President Vladimir Putin on Thursday urged Russians to vote in parliamentary polls this week in which most vocal Kremlin critics have been barred from running in an unprecedented crackdown.
The run-up to the State Duma ballot has been marred by a sweep of dissenting voices and pressure on independent media, beginning in January with the arrest of Putin's most prominent critic Alexei Navalny.
Putin's United Russia party is expected to retain its majority in the lower house of parliament but has been struggling with low polling figures ahead of the vote.
"I'm counting on your responsible, balanced and patriotic civic position," Putin said in a video address, calling on voters to back deputies who will work towards the interests of "every citizen".
The Russian leader is currently isolating after the Kremlin announced this week an outbreak of cases among his inner circle. He said Thursday "dozens" had tested positive.
Putin's spokesman, Dmitry Peskov, told reporters the president had registered to vote online, but did not give details of how or when he would participate.
"I do not exclude that it will be online," Peskov said.
The vote is being held both online and in person over three days, with the polls opening Friday in a move elections officials explained was aimed at limiting voters' potential exposure to the coronavirus.
Polls open Friday morning in the Far Eastern regions of Kamchatka and Chukotka at 08:00 am local time.
- 'Secure' online vote -
In a video published by the Kremlin overnight, Putin urged Russians to vote when convenient at polling stations or on the internet.
Modern technologies would guarantee the "security and reliability" of the online ballot, he said.
Analysts and Kremlin critics however have warned of low-levels of oversight during the vote, with international observers not participating.
Ukraine's foreign minister Dmytro Kuleba accused Moscow of violating international law by holding the vote on the Crimean peninsula annexed by Russian in 2014.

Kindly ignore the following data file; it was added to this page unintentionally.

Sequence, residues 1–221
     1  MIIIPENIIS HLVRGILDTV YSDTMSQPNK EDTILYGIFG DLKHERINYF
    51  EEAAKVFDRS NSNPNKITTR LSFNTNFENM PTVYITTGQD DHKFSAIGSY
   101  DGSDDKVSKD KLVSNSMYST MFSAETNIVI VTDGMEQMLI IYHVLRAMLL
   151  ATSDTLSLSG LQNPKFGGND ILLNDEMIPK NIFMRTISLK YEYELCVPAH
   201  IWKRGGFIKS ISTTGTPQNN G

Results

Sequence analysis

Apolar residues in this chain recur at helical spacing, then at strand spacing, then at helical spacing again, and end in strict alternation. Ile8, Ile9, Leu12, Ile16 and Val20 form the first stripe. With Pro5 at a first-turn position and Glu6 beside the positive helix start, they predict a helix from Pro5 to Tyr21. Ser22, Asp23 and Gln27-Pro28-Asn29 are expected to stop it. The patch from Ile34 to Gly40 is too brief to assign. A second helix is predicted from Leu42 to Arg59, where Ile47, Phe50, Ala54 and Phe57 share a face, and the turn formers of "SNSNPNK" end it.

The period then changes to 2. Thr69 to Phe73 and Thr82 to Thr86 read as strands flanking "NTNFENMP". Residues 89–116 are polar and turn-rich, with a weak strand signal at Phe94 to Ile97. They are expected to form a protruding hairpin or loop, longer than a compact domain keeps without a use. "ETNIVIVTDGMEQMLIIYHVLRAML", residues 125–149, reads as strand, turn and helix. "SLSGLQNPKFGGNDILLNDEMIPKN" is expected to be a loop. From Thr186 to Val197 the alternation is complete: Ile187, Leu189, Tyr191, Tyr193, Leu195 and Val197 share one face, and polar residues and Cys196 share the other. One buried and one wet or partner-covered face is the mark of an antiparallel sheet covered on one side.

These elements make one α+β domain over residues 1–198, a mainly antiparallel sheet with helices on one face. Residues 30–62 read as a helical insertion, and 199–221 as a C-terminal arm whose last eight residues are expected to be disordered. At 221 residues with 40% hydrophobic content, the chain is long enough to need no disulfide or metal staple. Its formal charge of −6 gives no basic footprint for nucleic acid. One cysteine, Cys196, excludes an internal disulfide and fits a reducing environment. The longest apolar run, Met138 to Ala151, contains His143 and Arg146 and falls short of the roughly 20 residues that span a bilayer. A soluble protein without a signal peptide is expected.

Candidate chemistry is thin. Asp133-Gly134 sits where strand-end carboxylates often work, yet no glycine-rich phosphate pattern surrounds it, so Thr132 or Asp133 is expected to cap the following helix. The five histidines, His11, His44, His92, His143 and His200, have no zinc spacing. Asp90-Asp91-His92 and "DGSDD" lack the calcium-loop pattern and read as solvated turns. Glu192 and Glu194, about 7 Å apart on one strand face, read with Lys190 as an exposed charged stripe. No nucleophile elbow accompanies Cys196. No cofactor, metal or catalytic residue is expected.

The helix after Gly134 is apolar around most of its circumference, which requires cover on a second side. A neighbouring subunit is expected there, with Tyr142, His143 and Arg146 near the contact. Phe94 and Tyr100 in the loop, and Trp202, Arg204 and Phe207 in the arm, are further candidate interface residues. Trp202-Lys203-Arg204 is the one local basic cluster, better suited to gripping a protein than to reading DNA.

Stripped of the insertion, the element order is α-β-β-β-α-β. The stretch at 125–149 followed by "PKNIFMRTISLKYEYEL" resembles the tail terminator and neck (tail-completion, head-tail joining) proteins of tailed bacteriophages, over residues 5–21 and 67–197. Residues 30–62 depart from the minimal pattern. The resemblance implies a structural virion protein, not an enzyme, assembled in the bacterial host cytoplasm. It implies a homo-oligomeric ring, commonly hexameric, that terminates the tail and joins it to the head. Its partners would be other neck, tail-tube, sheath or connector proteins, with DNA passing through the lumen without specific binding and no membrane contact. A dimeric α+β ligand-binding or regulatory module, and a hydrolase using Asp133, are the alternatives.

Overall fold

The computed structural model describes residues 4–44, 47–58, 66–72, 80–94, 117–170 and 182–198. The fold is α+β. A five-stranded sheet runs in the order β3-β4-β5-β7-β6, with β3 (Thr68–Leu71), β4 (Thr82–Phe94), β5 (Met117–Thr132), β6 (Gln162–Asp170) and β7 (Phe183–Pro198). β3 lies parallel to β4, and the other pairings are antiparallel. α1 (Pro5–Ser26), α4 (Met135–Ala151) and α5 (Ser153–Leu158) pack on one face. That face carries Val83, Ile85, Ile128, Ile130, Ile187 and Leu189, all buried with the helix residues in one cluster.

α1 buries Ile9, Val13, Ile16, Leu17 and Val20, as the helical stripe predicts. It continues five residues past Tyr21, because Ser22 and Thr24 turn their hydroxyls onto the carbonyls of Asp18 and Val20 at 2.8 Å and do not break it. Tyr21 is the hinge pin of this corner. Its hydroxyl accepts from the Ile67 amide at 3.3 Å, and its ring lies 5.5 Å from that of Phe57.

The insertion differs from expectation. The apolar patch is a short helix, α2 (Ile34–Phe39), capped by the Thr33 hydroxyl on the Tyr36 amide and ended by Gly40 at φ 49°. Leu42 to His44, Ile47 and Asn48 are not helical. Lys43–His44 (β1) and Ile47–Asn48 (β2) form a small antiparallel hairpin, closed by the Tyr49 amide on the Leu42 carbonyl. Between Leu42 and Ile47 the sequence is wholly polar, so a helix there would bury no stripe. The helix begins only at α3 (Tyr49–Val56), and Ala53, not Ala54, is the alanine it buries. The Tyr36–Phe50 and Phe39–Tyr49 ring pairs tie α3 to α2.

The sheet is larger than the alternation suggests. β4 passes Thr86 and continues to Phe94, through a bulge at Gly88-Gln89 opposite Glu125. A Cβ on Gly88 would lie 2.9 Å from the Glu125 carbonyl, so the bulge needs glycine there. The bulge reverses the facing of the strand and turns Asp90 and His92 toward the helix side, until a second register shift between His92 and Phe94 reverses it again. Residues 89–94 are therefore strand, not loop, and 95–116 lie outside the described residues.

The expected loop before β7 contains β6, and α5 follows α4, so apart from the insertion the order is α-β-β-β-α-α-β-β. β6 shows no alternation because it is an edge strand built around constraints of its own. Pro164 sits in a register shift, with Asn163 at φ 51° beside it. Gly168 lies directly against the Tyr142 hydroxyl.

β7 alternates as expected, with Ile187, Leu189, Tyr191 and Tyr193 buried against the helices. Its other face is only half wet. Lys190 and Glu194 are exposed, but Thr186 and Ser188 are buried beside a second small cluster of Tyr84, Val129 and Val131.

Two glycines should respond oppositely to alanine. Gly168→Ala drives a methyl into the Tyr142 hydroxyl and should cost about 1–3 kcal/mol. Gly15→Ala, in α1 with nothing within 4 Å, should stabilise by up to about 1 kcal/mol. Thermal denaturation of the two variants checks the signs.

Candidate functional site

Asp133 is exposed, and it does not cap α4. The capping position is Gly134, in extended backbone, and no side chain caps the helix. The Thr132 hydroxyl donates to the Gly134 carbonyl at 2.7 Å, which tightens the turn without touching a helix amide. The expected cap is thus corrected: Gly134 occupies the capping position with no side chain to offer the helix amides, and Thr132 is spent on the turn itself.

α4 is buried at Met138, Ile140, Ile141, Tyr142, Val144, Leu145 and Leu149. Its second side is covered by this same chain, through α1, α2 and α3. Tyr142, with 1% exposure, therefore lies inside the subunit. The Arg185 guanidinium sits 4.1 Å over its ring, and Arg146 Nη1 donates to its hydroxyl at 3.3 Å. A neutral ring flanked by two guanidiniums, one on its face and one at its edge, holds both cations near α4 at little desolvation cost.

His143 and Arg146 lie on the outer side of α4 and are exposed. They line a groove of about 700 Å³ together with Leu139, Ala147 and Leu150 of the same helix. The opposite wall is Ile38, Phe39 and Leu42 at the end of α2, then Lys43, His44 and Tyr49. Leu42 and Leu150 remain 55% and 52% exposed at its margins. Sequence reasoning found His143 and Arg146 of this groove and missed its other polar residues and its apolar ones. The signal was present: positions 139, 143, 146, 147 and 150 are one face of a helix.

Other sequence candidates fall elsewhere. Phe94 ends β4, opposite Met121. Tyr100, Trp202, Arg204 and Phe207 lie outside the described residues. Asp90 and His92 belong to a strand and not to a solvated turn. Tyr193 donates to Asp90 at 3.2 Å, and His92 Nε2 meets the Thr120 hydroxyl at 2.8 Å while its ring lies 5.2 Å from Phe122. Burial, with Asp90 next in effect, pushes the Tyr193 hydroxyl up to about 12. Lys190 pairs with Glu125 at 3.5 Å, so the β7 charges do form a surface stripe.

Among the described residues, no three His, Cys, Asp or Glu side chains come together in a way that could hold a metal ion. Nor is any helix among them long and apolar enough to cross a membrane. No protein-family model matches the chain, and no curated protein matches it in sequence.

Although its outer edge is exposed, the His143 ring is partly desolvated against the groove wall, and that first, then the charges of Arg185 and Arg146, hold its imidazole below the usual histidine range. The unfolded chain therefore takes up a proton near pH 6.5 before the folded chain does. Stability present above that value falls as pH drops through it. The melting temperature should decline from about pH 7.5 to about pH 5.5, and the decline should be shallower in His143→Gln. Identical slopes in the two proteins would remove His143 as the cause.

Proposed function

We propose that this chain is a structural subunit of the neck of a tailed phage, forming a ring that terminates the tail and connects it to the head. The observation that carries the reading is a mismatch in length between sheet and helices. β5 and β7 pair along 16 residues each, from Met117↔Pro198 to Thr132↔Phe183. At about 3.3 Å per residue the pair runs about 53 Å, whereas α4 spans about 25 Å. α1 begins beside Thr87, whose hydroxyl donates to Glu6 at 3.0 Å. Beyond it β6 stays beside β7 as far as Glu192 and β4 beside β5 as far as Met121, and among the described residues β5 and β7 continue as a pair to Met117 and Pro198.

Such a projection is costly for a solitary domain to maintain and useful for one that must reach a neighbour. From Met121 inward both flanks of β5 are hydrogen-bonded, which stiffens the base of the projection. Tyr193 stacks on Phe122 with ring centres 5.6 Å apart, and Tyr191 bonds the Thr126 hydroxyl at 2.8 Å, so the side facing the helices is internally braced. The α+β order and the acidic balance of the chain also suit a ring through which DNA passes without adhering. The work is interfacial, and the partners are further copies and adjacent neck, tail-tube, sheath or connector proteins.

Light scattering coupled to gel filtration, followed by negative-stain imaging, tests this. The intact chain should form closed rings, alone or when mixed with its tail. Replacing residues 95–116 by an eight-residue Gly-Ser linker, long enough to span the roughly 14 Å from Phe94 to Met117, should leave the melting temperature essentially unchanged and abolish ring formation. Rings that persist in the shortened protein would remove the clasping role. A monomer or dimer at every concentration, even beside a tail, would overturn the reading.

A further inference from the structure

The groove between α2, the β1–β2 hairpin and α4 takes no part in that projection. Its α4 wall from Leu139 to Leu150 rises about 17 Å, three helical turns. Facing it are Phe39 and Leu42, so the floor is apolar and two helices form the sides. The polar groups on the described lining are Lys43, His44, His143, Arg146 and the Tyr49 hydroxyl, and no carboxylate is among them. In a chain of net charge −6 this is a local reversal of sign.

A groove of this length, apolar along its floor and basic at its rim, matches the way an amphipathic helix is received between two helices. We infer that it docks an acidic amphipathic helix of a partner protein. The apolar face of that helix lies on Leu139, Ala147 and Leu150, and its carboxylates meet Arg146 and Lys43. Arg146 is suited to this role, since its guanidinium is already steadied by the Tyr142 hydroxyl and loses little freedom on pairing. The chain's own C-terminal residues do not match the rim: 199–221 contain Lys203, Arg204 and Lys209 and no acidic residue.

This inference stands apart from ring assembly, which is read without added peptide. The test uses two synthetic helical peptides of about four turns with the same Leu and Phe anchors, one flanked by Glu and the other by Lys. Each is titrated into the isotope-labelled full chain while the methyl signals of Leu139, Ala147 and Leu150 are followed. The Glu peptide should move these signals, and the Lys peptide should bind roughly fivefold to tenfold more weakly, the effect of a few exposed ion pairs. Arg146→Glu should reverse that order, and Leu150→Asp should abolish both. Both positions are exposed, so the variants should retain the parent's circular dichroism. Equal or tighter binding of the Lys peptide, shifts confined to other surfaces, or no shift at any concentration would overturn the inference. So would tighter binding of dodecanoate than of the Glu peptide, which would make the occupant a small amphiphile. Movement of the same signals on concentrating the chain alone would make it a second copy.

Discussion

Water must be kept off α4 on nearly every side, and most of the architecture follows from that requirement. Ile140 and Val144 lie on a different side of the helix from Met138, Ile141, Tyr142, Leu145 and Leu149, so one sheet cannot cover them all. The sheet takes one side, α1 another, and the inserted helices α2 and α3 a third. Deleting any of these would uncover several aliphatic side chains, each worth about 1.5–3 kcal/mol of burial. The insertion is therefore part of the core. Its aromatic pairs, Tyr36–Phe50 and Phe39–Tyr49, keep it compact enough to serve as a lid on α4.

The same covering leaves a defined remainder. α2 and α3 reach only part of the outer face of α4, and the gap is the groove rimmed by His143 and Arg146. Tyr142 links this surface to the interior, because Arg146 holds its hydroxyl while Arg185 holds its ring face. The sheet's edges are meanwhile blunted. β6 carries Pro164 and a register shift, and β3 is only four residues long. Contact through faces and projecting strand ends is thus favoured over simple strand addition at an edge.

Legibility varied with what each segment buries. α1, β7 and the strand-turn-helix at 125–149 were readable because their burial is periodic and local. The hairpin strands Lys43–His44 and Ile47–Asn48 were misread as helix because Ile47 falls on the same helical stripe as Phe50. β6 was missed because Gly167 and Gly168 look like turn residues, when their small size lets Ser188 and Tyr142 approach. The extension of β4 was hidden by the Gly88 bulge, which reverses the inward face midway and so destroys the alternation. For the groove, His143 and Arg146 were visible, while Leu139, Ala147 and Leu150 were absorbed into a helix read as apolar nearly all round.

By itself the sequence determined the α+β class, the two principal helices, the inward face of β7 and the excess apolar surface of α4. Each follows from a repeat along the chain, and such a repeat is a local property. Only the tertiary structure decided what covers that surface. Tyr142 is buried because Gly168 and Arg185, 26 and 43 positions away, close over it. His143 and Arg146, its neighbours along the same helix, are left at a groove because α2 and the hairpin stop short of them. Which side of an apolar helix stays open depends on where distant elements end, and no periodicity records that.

Serious Kremlin critics -- including allies of Navalny -- have been barred from running in the vote.
Navalny, Putin's best-known domestic opponent, is behind bars on old fraud charges and his organisations were banned earlier this year.
Ahead of the vote, Navalny's team had promoted a "Smart Voting" campaign that tells supporters which candidate they should back to vote out Kremlin-aligned politicians.
A majority of the candidates named by Navalny's allies on Wednesday are running on the Communist Party's list.
On Thursday, a doctor and head of an opposition-leaning medical union, Anastasia Vasilyeva, accused Navalny's allies in exile of abandoning activists remaining in Russia.
"They are now in Europe, while others are in prison," Vasilyeva wrote on Facebook.
Navalny's allies said they believe she wrote the post under pressure from authorities.
- Tech giants under fire -
The authorities have also amped up pressure on foreign tech giants in the run-up to the vote, accusing US-based companies of interfering in the polls.
Last week, the state media watchdog said it blocked the website dedicated to Navalny's tactical voting and it has pressured Google and Apple to delete "Smart Voting" apps from their marketplaces.
Representatives of Google and Apple were summoned Thursday to a meeting of Russia's upper house of parliament the Federation Council.
A house member working on international issues, Andrei Klimov, repeated allegations that the tech companies were "interfering" in Russia's domestic affairs.
Prosecutors meanwhile said they had opened a probe into a group of 11 people suspected of using the Telegram messaging app to coordinate illegal rallies during the vote. The charge carries a maximum penalty of 10 years in jail.
Navalny's allies complained Thursday morning of complications gaining access to their voting lists hosted on Google.
The vote will see lawmakers elected to the 450-member lower house State Duma, where United Russia currently holds 334 seats.